For most people coming into recovery, meditation is a four-letter word that they want no part in. The idea of sitting silently with their thoughts for any period of time sounds excruciating because their minds are awash with uncontrollable thoughts and guilt and shame that has built up from years of substance abuse. In fact, if you ask most people who are newly sober what they do in their car, or when they get home and they are alone, they will tell you that they blast music or instantly turn on the TV to blot out the thoughts in their head. Practicing meditation in recovery can help you learn to block out the negative thoughts instead of loud music or TV.
This is all understandable because after years of using substances in order to fight back against unwanted and intrusive thoughts, it cannot be expected that the mind will be cleared in a few days, weeks, or even months. Yet with that said, by practicing meditation in sobriety, especially in the beginning, an individual can begin to create space in their mind in which they can experience peace. While at first, it may be very difficult to sit for more than a minute or two without some form of stimulation to distract them, in time they will find just how beneficial practicing meditation in recovery can be.
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What is Meditation?
The practice of meditation goes back thousands of years, and some of the earliest written records of meditation date back to 1500 BCE in India. Meditation is defined as the “practice in which an individual trains the mind or induces a mode of consciousness, either to realize some benefit or for the mind to simply acknowledge its content without becoming identified with that content.” In simpler terms, it is the practice of quieting the mind and minimizing thoughts. Breathing exercises are often times used in meditation in sobriety, where practitioners are encouraged to focus on their breath, so that they can lower their heart rate, allowing both mind and body to relax. There is no set amount of time that meditation needs to be practiced, as some people will meditate for a few minutes while other will do it for hours. On average most people who practice meditation will do so for about 10-20 minutes a day.
Benefits of Meditation in Recovery
Early recovery can be a very difficult time for many recovering addicts and alcoholics, as stress levels are high, emotions are all over the place and the ability to focus is minimal. If meditation is practiced it will help the individual’s ability to control and handle their emotions, which in turn can help improve their daily life and their overall sense of well-being. Daily meditation will not only help lower stress levels, but it will also help clear the mind, allowing an individual to think more freely and focus on certain tasks with greater ease. Meditation is not tied to any specific religion, but it can help with spirituality and connecting with a higher power.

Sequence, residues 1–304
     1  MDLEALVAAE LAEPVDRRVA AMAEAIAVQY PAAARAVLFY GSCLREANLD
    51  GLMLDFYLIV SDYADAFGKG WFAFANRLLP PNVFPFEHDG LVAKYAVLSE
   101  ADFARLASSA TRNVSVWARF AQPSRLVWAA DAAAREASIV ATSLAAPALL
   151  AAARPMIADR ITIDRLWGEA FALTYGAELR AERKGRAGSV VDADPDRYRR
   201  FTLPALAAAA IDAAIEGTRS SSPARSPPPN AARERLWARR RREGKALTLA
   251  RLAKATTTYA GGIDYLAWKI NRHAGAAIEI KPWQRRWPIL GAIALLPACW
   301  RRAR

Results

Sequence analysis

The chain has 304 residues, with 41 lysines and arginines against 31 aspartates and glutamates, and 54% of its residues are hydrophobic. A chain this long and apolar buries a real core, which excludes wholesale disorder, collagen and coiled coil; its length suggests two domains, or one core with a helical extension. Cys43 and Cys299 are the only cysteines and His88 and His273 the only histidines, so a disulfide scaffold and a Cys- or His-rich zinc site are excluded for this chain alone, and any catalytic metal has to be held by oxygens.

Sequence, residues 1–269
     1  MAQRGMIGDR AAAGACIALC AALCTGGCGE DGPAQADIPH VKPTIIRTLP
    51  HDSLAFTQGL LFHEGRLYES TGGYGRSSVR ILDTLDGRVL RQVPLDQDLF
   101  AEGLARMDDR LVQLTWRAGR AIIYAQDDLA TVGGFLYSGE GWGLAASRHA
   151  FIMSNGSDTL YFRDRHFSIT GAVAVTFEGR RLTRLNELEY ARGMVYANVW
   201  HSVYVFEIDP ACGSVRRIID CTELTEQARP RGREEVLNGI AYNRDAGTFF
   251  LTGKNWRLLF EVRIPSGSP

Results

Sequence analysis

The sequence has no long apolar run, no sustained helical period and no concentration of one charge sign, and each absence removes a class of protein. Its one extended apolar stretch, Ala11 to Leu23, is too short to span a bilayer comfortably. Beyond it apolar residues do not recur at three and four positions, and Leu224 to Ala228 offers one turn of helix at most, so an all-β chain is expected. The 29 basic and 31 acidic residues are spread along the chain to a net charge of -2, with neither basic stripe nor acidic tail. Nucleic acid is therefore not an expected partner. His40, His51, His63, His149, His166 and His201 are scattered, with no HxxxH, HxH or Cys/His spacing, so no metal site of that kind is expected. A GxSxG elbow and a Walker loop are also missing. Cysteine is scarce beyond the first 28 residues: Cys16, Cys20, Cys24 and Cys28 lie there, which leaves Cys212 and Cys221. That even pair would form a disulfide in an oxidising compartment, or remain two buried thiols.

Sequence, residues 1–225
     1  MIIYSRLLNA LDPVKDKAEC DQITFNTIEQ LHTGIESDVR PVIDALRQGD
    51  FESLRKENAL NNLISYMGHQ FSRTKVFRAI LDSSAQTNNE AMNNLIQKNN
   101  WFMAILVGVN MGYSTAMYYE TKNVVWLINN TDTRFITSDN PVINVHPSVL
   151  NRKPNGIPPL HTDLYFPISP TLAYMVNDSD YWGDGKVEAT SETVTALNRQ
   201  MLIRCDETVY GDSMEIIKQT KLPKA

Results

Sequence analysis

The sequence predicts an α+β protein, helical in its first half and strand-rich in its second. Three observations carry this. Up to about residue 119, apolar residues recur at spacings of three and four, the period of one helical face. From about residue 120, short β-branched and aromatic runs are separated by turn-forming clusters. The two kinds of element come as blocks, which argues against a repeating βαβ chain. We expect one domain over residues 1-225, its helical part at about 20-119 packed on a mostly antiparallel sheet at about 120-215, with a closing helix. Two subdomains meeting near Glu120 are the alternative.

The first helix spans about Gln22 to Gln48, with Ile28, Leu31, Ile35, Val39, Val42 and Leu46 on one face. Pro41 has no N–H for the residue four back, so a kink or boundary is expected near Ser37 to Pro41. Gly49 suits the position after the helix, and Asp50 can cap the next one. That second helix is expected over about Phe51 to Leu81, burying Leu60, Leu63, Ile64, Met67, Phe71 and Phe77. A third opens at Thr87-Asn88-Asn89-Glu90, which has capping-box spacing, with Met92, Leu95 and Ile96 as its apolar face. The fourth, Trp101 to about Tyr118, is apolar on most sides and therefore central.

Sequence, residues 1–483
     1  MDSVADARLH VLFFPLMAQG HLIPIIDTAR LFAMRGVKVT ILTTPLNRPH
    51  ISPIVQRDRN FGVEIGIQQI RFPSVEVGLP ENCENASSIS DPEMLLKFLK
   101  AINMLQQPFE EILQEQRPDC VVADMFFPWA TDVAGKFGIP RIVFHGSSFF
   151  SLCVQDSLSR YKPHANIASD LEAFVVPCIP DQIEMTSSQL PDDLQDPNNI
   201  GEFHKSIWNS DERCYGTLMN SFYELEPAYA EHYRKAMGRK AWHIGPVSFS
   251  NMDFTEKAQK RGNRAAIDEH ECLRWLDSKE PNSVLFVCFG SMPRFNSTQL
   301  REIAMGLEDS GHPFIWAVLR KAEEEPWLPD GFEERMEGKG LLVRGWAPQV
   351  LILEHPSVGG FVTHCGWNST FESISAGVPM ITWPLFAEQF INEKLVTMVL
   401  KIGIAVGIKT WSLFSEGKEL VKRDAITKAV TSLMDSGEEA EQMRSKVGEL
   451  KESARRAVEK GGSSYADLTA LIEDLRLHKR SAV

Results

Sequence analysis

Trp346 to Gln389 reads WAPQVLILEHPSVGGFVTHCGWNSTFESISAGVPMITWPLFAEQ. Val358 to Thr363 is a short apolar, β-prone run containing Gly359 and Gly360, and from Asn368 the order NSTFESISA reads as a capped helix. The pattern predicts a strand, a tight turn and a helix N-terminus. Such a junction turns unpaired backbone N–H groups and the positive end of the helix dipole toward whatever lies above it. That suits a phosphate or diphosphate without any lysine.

There have been multiple studies done to help prove that meditation is beneficial to everyday life. These benefits are both physical and mental. Recent studies have proven that it can help reduce gray matter in the brain, which basically means that meditation in sobriety can help to reduce the aging process of the brain. This has been shown to help with both memory and decision-making.
Getting into a good routine with meditation can also help with many other aspects of your life, such as improved brain function and memory, greater inner calm throughout the day, reduced cortisol, normalized blood pressure, reduced insomnia, lower risk of heart attack/stroke and reduced anxiety and depression
Just a few minutes a day can do wonders, as “research suggests that daily meditation may alter the brain’s neural pathways, making you more resilient to stress.” Daily meditation will help you stay in a positive mood throughout the day, and it can help reduce the signs of aging and help you to manage stress much easier. You will notice an increase in your ability to concentrate, and it will also help with cardiovascular health and improve your immune system.
How to Practice Meditation in Recovery
Many people think that meditation takes years to learn, but that just isn’t true. In fact, many people who practice meditation will start feeling the benefits after just a few days. One can technically meditate anywhere, but for beginners, it is best to meditate in a comfortable area, with minimal distractions.
In order to start meditating, you should first find a place where you can sit or lay down and be comfortable—some people decide to sit on a pillow or use a meditation chair. Next, you have to decide if you want to meditate in silence or use soft music or guided imagery. If you are able to dim the lights it can make it easier to meditate. Once you have found a comfortable spot simply close your eyes. Focus on how you are breathing; try not to control the pattern of your breaths, just breathe freely. Now focus your attention on your breathing, notice how your body reacts and moves with each new breath. Focus on each individual part of your body, from your toes to your shoulders, to your head— notice how your breathing affects each part of your body different. You may notice your mind wandering a bit and this is normal. Just simply bring your attention back to your breathing. Try and do this for a few minutes, and as you get better at it, increase the amount of time that you dedicate to meditation.
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Are You or a Loved One Struggling?
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